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On learning to learn from Tanzanian television


Anyone might reasonably think that a person coming back from his first visit to Africa – as I did a week ago today – would feel an overriding need to gush the gush that Africa inspires in so many of us Europeans. About the dignity of poverty-stricken Africans who have to improvise their livelihoods, for example, or about their natural tendency to laugh (unmarred by Western Sophistication), or the sad cuteness of weary African schoolkids: that kind of gush.
But the first impression that truly impressed me on my recent Tanzanian trip, was an interview on Tanzanian television. I was watching a Swahili sitcom, convinced by previously chugged Tusker beer that I could catch its gist, when suddenly a chat show host popped up speaking in English. This he did because his guest that day was the South African diplomat Thandi Lujabe-Rankoe. At first I merely gawped at the curious spectacle of two people talking with fluent irony in a third language about years of pale-faced oppression familiar to both, but eventually noticed that this interview was taking a blissfully long time, time not being an issue for an underfunded TV station. As a result, I felt I was coming to know Ms Lujabe-Rankoe's extraordinary life - she had fought against apartheid since her teenage years - exceptionally well, and was getting more out of this one in-depth conversation than I had from years and years of sound-bite geared chats on English, Catalan and Spanish talk shows. How wonderful, if someone here decided to learn from this Tanzanian way of interviewing. How wonderful, it suddenly struck me, if we really realised, in this case and others, that the most surprising things can be learnt from countries we have forever been used to treating as slow pupils.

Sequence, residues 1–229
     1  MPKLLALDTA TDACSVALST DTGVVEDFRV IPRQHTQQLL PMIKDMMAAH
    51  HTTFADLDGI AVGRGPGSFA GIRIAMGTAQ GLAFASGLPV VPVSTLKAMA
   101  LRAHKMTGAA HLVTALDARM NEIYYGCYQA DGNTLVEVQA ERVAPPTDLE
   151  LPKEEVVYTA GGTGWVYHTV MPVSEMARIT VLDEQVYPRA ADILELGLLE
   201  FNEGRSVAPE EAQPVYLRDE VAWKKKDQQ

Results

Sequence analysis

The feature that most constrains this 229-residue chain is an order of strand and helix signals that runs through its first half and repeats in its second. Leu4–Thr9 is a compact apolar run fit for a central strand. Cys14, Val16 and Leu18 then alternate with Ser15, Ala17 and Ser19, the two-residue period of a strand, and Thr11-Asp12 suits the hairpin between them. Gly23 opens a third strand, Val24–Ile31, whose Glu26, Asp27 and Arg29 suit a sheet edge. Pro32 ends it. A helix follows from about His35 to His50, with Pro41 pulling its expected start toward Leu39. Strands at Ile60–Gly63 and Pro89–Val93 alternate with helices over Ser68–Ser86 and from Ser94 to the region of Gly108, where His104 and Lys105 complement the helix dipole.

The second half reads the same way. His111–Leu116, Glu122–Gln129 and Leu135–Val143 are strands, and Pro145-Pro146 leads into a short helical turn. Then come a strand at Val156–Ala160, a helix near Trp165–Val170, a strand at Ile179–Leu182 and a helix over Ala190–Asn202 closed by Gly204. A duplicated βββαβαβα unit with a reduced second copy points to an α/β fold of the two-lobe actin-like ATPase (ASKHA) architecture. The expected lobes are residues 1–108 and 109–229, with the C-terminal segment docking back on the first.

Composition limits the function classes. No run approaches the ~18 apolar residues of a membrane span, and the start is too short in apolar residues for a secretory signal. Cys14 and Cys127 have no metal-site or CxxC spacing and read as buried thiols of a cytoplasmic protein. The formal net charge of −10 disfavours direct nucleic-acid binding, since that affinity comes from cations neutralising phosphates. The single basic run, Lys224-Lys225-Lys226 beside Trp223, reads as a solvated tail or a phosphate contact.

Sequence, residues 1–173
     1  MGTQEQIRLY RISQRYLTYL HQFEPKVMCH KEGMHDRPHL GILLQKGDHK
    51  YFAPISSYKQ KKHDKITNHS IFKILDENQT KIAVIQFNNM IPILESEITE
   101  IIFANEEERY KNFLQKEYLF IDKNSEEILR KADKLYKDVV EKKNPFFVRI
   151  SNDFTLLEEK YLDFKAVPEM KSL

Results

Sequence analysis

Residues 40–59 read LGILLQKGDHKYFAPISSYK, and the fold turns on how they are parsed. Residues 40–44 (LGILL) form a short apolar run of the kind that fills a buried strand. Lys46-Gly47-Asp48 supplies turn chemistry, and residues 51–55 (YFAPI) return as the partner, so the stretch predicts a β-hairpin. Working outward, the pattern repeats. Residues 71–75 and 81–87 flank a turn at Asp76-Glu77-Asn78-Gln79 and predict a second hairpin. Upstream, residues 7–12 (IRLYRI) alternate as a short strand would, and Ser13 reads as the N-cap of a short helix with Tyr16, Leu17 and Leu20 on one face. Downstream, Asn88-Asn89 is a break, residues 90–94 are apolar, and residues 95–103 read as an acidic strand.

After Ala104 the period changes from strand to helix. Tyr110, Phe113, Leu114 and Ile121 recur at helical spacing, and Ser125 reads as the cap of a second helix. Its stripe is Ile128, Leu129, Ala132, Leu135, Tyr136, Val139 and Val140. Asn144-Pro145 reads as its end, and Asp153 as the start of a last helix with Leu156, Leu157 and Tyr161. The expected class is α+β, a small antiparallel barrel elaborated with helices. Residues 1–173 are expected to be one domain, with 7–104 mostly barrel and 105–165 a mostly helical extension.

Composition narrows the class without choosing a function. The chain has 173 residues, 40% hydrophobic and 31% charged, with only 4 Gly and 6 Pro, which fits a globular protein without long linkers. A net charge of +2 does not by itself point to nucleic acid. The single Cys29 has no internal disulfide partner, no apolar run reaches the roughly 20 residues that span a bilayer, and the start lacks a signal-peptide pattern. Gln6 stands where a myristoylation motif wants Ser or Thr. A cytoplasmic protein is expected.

- Textos i contingut: Matthew Tree - Disseny i programació: Nac -